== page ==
Peter Hollins - Mental Models

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  1. Address "Important"; Ignore "Urgent" to separate priorities from impostors
  2. Visualize All the Dominoes to make decisions as informed as possible
  3. Make Reversible Decisions to remove indecisions and have a bias to action
  4. Seek "Satisfiction" to achieve your priorities and ignore what doesn't matter
  5. Stay within 40% - 70% to balance information with action
  6. Minimize Regret by consulting the future you on decisions
  7. Ignore "Black Swans" to understand how outliers shouldn't change your thinking
  8. Look for Equilibrium Points to find real patterns in data and not be fooled
  9. Wait for the Regression to the Mean to find real patterns in data and not be fooled
  10. What Would Bayes Do to calculate probabilities and predict the future based on real events
  11. Do It Like Darwin to seek real, honest truth in a situation
  12. Think With System 2 to think analytically instead of emotionally
  13. Peer Review Your Perspectives to understand the consensus view and why you might differ
  14. Find Your Own Flaws to scrutinize yourself before others can
  15. Separate Correlation From Causation to understand what truly needs to be addressed to solve a problem

Decision Making For Speed And Context

To the man with only a hammer, every problem looks like a nail.

A mental model is a blueprint to emphasize important aspects of whatever you're facing, and it defines context, background and direction.

Without them, you are only able to see the haphazard, individual elements with no connection to each other.

A chef is someone who has the mental models of flavor profiles, what basic ingredients are needed for a stock or a sauce, typical techniques for different meats, and the conventional beverage and food pairings.

You can think of mental models as life heuristics or guidelines to evaluate and comprehend.

Mental models aren't perfect representations of the world around us, they serve to separate the signal from the noise for a specific perspective.

Too few mental models limit your capability to comprehend.


MM #2: Visualize All the Dominoes to make decisions as informed as possible

Unintended consequences matter!

Humans naturally apply first order thinking โ†’ visualizing only the immediate consequence, they do not think much ahead.

What we should do is try and project into the future and extrapolate a range of consequences to use to conduct a cost-benefit analysis for your decisions or solutions.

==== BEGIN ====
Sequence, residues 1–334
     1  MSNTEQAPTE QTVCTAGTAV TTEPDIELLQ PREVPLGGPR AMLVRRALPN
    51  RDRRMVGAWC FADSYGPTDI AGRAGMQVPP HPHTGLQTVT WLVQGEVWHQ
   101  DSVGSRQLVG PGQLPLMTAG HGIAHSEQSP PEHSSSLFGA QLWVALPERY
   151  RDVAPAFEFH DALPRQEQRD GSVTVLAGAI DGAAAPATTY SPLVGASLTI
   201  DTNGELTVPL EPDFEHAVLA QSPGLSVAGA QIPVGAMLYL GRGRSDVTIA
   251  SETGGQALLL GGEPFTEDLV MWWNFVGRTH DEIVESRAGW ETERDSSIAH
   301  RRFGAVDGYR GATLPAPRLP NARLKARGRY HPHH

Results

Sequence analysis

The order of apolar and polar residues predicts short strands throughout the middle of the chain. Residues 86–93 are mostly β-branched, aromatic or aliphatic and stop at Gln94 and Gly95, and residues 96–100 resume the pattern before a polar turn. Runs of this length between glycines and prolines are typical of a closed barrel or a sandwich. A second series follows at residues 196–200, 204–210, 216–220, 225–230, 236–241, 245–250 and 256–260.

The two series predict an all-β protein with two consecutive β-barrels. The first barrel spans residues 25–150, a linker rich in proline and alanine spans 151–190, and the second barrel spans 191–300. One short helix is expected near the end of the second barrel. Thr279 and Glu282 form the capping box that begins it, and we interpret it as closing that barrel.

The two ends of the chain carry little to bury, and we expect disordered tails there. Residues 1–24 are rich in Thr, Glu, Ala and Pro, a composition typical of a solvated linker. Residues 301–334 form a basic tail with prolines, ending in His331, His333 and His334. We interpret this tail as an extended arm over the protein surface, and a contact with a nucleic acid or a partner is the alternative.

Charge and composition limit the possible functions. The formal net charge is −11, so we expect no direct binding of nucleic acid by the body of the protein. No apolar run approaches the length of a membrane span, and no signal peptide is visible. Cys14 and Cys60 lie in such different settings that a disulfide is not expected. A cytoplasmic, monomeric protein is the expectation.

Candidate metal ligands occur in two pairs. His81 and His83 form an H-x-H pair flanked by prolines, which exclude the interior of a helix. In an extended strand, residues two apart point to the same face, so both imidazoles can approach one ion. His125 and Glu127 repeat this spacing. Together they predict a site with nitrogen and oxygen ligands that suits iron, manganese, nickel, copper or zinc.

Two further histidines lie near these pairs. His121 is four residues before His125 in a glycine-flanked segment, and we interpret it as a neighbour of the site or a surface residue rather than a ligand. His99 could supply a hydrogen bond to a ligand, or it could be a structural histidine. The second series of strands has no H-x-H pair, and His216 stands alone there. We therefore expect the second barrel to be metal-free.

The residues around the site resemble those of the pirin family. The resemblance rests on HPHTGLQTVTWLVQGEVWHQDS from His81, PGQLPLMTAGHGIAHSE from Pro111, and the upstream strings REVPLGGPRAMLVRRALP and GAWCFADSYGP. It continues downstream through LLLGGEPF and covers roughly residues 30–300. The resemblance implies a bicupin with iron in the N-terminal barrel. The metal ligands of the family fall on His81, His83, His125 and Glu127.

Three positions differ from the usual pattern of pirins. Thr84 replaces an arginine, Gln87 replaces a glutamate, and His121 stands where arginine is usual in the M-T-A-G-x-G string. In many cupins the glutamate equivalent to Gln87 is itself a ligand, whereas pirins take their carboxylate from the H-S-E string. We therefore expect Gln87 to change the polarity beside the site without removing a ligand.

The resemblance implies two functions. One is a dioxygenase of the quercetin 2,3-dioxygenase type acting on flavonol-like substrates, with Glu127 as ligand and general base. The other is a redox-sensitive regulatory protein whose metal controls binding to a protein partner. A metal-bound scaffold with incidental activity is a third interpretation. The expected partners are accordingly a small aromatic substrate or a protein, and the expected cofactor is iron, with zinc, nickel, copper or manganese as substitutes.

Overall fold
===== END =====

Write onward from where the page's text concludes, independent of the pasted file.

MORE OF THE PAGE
Imagine a public newspaper contest showing pictures of 100 cats, and asking the readers to rank them by cuteness. The readers that ranked the top 6 cats would get the prize.

  1. First order thinking: rank the cats by your own perception of their cuteness
  2. Second order thinking: rank the cats by what you think the average perception of their cuteness is
  3. Third order thinking: rank the cats by what what you think the average person thinks the average perception of their cuteness is

in other words:

  1. First order thinking: your own opinion
  2. Second order thinking: your perception of average opinion
  3. Third order thinking: your perception of average perception of average opinion

Second-order thinking allows you to project the totality of your decisions. To think in second-order fashion, ask yourself:

Think beyond simple resolution of most immediate problem. What effect will it have if this succeeds or fails? What do semi-success and semi-failure look like?

Is your prediction realistic or steeped in fantasy or paranoia?

Ask friends for an honest opinion if you're not completely off track. A complete lack of reality usually works alone.

What are the prime splitting points between what you think and what popular knowledge and opinion dictates? Why? Could you be missing something?

Step out of your own biased perspective and view decisions as other people. Actively articulate the domino chain that other people might see.

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